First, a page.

With half a litre of the beer bubbling away in the pan, alongside 8 red bell peppers, 6 jalapenos, 2 habaneros, and the other stuff necessary for the chutney, I poured three of the remaining 4 bottles into my 1 litre Oktoberfest glass....


One thing that immediately caught my eye, on the label at least, was the ingredient list (something I heartily approve of). It listed just dark Munich malt and Hallertau hops, which almost caused my heart to skip a beat of delight. I am not a fan of using caramel malts in Oktoberfest lagers, I find they tend toward sickliness and a slick mouthfeel that just feels wrong to me, but with dark Munich you get a lovely sweetness and still that firm cracker charateristic of good German beers, not to mention that beautiful orange glow. The hops are clearly present, with a definite, though unobtrusive, bitter snap right at the end of the finish, and traces of lemongrass in the nose.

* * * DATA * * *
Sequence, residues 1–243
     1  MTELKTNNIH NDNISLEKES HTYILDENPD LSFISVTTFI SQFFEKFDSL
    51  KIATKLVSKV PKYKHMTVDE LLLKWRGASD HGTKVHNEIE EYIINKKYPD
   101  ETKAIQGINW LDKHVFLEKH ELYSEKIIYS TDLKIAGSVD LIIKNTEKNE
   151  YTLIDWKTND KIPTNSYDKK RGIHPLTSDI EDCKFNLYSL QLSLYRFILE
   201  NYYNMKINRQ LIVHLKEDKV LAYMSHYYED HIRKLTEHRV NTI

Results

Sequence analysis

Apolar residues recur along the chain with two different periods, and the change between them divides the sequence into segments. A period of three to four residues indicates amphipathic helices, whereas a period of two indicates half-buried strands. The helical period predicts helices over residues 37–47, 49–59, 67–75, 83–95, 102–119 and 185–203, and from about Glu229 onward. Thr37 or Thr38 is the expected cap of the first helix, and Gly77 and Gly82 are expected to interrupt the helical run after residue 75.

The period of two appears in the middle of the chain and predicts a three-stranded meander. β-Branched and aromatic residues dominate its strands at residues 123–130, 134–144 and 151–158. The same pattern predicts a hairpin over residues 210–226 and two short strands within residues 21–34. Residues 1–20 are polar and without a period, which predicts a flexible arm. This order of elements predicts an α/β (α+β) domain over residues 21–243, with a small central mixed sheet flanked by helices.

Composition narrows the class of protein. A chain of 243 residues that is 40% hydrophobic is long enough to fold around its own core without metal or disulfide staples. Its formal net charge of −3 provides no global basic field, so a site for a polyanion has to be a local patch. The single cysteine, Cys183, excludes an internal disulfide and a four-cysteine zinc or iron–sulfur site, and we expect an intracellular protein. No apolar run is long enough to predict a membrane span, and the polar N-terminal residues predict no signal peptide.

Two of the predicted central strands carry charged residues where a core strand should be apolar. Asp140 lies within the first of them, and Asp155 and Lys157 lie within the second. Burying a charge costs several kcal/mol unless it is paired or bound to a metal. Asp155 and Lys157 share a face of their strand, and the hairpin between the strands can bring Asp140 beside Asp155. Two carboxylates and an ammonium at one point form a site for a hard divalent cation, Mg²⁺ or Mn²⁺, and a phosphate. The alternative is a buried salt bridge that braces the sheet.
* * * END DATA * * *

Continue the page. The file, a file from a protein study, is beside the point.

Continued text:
Whilst not a session beer, being 5.3% abv, it is a wonderfully drinkable beer and it will be a regular in the fridge this autumn, especially at $6.49 a six pack. You really can't argue with that, well made, tasty beer at a price point which won't break the bank. I look forward to many refills of the tuplák in the weeks to come.

Beyond January

Dry January is over, but my beer fast continues. Well, it continues until Friday. As a general rule I only drink at the weekend, thus my win...